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Addicts Mom
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TAM: Sharing without Shame
TAM: Sharing without Shame

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The Practice of Saying “No!”

by Timothy Schnellenberger

Nobody’s perfect. The understatement is as true as it is cliché. And if nobody’s perfect, then it stands to good reason that nobody does everything perfectly.

We’re especially imperfect when it comes to saying “No” to our addicted child. That’s why we’ve gotta practice. And practice. And practice some more. No matter how hard it hurts, however much it might run counter to our instincts, even if sometimes the practicing feels almost impossible.

“No” begets the setting of healthy boundaries, an equally important and often just as difficult task for Moms to accomplish. Like saying “No,” drawing a line in the sand can frequently feel counterintuitive. We don’t wanna risk alienating our children, let alone losing them. Yet we cannot participate in our child’s active addiction. If we do, we are complicit.

Healthy boundaries may not be taught in any school, but they can be learned. Here’s how to begin:

If at all possible, set a healthy boundary while your child is lucid, sober and in full agreement. Then, when the addict breaks that boundary (and they will), say, “No, we’ve already talked about that and I’m sticking to our agreement.”

Perhaps there’s an addictively-addicted child at home and you’re concerned the abuse will result in a car accident. Draw the line. Tell ‘em they cannot use the car until he/she gets help. Then stick to it. No matter what. Even if they claim to just wanna drive down the street. Say “No.”

Remember, active addicts are very good at not telling the whole truth. We’re even better at turning cracks into crevices. Once boundaries are broken, to any degree, it becomes very difficult to go back and reset them.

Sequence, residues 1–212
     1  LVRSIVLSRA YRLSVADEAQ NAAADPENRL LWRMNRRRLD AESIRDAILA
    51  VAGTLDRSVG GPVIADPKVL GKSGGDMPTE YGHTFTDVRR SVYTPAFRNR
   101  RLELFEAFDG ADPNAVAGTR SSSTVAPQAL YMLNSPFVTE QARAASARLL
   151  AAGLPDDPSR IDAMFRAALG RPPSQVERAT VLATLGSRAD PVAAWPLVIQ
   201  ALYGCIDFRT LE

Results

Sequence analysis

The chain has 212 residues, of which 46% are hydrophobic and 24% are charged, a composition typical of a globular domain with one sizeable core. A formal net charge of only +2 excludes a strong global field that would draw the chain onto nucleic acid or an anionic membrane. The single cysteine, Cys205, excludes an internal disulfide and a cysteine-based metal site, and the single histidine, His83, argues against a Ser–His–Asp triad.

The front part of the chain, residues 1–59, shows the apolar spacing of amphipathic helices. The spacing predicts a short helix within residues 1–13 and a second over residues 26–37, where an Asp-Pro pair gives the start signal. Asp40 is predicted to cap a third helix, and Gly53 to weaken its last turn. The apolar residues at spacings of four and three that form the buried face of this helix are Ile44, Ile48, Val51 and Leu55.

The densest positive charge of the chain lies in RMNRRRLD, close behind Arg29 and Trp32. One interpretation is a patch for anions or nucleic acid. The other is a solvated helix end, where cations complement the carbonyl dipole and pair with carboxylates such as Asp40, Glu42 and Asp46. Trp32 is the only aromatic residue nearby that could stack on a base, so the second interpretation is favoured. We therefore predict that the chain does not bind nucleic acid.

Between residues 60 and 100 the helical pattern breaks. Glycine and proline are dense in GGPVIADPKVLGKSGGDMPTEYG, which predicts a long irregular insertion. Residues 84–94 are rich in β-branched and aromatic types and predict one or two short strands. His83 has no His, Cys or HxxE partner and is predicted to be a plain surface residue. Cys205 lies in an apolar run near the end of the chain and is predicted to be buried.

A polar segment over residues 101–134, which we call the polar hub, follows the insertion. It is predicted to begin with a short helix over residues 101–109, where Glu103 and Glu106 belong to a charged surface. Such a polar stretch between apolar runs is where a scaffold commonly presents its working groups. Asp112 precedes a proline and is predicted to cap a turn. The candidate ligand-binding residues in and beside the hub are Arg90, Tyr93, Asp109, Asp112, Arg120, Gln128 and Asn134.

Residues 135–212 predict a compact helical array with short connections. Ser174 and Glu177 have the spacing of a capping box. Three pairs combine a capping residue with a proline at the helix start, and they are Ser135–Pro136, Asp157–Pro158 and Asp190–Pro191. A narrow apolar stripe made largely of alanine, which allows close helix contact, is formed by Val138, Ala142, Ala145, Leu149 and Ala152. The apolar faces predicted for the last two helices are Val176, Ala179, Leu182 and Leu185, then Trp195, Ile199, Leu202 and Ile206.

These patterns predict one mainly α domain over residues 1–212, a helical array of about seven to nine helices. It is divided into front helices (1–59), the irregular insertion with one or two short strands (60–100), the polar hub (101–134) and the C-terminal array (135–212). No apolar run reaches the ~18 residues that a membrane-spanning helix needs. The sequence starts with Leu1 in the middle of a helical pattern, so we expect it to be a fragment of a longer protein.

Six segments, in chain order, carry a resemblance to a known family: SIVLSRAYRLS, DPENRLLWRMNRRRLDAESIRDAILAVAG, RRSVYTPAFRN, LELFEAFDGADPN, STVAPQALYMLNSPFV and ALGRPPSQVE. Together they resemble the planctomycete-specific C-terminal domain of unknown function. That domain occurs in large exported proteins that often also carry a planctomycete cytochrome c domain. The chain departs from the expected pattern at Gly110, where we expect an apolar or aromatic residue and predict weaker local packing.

Setting boundaries at the beginning will empower you to say “No” before it gets too late. Unfortunately, we too often don't learn this until the addiction’s well under way. A retroactive “No” is usually charged with enough emotion to start an outright war. Setting boundaries at the beginning keeps things objective -- and in perspective.

You might think it’s easy for me to stand up on high and recommend such a difficult course of action. In some ways you’re right. I am not a parent. I don’t have the history with these kids that would cripple me emotionally. However, as a treatment owner, and as a member of an alcoholically-dysfunctional family, I have had years of practice, in both saying “No” and setting boundaries. And I’ve learned the firmer we become, the healthier the outcome, for everyone.

A couple of useful tools that have helped me and my family over the years are Alanon, ACOA and the series of books by Melody Beattie, including Codependent No More and The Language of Letting Go.
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Rebuilding Burnt Bridges for Families During Recovery
By Kevin Walker, Executive Director of Retreat Addiction Centers

For individuals in addiction recovery, having family support during—and after—the treatment process can often produce the best outcomes and prevent relapse. However, it’s not always easy. There are times when a patient has burned so many bridges that family members no longer want to get involved. At Retreat, our programs find ways to engage a patient’s family when possible and include them in recovery. This provides loved ones with the tools they need to achieve a balance between providing support and creating necessary boundaries.